Afghanistan today is still in ruins and split among various "Taliban Lite" warlords. The U.S.- installed government controls a few square miles in Kabul and not much more. Sadly, the lawlessness now rampant throughout the countryside has made many support the return of a Taliban government. Plans for the war against Afghanistan were in the works well before 9/11 and have more to do with an oil pipeline through that nation than ensuring the safety of American citizens. As BAWC stated last October, the so-called "war on terrorism" and U.S. policy in the Middle East will not bring us additional security, but will lessen it.
It's unfortunate Mr. Norman happened to attend an attempt at a meeting that was poorly planned. Of course, it was our bad luck that the only time this has happened coincided with the only time a representative of the media showed up!
This was in no way typical. I can assure New Times readers that the BAWC, while small, has members active in the community who are doing our best to connect issues of the impending war against Iraq with attacks on our civil liberties in this country.
The article also contained an incorrect e-mail address for us. The correct address to contact BAWC is email@example.com. Readers can visit our website at www.antiwarbroward.org to find out about upcoming events. We appreciate the coverage provided by New Times and only wish the Sun-Sentinel and the Miami Herald showed the same interest in the local antiwar movement.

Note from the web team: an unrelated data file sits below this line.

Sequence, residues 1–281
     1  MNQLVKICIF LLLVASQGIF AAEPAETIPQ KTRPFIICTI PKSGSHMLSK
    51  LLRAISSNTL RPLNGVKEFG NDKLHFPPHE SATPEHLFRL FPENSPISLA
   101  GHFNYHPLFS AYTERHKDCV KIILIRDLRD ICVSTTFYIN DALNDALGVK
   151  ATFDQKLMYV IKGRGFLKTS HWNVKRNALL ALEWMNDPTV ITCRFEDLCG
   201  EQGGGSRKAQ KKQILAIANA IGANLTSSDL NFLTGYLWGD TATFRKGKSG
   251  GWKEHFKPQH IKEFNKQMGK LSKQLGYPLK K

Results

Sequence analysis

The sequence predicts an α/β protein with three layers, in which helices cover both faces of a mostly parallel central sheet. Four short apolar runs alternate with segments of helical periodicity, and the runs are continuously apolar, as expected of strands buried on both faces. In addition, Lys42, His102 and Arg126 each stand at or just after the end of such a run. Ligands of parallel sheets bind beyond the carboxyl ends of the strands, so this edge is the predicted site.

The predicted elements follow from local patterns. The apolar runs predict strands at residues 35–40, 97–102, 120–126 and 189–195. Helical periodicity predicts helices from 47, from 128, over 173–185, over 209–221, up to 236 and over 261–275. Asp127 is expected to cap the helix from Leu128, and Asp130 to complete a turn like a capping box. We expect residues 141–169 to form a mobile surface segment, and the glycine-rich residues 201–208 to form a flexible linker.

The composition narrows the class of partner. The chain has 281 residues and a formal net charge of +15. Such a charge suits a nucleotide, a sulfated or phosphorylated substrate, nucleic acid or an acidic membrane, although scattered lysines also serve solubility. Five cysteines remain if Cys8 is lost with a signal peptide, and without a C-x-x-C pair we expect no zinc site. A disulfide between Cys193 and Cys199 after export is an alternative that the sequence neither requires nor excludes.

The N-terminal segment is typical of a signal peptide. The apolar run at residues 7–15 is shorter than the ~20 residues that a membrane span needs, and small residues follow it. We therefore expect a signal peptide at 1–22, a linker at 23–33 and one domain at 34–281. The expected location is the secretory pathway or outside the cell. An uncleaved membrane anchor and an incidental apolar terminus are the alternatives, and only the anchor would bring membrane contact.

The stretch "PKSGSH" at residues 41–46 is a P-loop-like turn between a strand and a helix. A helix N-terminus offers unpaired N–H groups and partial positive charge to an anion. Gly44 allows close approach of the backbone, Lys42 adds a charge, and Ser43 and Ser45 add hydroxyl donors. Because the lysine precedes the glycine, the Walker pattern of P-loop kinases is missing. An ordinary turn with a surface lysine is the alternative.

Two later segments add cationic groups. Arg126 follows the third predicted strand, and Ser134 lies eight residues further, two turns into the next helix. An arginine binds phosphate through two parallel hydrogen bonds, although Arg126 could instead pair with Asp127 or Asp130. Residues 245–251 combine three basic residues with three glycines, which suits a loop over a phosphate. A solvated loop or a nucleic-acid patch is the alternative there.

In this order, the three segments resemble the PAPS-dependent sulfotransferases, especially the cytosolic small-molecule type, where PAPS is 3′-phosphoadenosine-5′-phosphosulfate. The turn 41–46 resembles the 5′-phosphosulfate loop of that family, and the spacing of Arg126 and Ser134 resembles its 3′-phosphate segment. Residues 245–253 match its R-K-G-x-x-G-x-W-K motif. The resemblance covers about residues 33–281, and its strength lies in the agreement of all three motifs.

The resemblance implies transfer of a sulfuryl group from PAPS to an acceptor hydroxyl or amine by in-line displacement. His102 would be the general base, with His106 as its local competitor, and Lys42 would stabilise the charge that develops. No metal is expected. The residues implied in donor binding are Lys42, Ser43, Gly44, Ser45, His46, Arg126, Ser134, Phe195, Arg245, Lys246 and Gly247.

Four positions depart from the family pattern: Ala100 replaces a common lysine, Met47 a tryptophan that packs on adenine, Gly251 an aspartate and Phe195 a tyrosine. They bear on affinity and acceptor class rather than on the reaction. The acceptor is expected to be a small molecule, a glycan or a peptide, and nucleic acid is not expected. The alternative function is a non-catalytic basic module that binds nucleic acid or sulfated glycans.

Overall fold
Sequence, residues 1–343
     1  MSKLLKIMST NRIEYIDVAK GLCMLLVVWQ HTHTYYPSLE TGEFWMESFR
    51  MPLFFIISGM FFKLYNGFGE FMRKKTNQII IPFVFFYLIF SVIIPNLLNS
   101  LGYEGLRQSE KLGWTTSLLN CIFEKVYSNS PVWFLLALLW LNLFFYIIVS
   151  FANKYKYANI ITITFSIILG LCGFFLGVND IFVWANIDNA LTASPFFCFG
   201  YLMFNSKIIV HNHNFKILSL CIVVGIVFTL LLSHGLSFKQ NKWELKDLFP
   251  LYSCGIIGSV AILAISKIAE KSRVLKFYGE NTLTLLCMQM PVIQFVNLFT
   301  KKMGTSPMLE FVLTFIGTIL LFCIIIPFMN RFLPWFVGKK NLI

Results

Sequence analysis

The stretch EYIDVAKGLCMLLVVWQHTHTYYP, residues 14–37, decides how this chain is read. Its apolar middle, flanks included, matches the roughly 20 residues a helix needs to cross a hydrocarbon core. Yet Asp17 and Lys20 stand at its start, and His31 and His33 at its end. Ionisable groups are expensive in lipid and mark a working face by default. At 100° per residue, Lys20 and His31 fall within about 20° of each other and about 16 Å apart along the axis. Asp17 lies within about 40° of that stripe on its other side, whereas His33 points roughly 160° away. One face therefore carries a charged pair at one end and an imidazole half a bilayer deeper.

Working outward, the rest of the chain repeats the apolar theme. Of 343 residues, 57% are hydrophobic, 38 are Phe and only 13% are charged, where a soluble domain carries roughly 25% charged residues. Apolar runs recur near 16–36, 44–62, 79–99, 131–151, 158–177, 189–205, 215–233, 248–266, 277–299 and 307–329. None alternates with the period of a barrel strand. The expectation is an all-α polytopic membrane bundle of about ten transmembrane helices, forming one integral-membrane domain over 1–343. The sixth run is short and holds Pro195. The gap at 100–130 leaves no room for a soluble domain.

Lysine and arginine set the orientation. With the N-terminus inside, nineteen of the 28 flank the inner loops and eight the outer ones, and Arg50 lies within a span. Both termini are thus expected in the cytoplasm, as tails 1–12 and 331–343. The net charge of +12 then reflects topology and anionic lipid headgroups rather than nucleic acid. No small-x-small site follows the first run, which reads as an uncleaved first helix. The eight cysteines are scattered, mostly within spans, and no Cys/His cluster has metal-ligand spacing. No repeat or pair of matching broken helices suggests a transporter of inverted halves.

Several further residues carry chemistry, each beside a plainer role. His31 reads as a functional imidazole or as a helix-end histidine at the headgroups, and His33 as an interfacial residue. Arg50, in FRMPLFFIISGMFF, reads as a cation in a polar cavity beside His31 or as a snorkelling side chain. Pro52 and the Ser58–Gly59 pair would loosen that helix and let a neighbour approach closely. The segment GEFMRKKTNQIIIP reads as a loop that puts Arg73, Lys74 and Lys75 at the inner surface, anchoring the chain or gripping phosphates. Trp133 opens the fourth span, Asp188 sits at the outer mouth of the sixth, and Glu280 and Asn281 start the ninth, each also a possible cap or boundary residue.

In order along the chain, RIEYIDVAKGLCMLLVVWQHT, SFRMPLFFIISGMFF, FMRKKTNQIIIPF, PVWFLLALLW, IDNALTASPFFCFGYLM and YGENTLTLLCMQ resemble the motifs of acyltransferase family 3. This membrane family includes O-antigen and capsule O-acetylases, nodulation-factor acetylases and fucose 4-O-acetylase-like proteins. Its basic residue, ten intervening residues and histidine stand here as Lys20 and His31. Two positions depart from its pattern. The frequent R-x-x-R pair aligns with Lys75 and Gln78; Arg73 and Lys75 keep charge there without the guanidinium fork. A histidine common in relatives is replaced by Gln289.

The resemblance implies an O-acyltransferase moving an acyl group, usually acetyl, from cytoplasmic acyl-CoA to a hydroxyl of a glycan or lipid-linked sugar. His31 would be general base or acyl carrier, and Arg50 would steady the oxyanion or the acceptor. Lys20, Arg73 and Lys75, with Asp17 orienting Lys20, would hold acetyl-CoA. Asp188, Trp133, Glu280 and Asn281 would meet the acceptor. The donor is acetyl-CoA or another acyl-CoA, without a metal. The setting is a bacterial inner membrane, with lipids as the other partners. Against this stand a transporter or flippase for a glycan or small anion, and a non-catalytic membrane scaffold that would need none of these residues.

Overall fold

Broward Anti-War Coalition
Or are they deaf? I enjoyed Bob Norman's November 14 story regarding the October 26 protest. Thanks for the coverage of this movement, which is virtually ignored by the mainstream media.
West Palm Beach
Or maybe they want a revolution? I thoroughly enjoyed Bob Norman's article about the October 26 protest in Washington, D.C. I am just a little puzzled as to why you called the peace activists "antiwarriors." I drove up to D.C. from Titusville in Brevard County to march for PEACE. The Mapquest directions were simple: Get on I-95 and drive 849 miles.
I stayed at a hotel within walking distance of the Vietnam Memorial. While walking to the march, I encountered a family from Iraq. They took a picture of my protest sign. The young daughter told me her cousins and uncle had been killed by Saddam Hussein. The family was very fearful about what may happen.
Along the march route, there was a National Park Service barrier. Mounted officers would not allow the peace marchers to pass. The horses answered a call to nature, and the crowd started chanting, "We smell Bu$h." I later learned that we were being prevented from going near a pro-war rally.
There were so many creative antiwar signs. One couple had a doll with a Bu$h mask. The doll was holding a baby bottle labeled OIL. I saw several WWII veterans with signs opposing the war. The street theatrics and huge puppets were fabulous. I felt energized by the huge crowd. One man was dipping an American flag into a bucket of water. His sign read: "I'm not burning the flag. I am cleaning it."
I was most impressed with the following statement by a man from a group called ANSWER: "We have taken over Washington, D.C. We can do it again if we have to." We were there to stop the war. I hope peace will prevail and we will not need to return.
They are extinct, right? In his November 14 review ("Wonder Boy") of the new Harry Potter movie, your critic, Gregory Weinkauf, makes the following insulting statement: "We've accidentally allowed a retarded monkey to rule America..." Such a statement is uncalled for and should have the entire simian world rise up to take umbrage.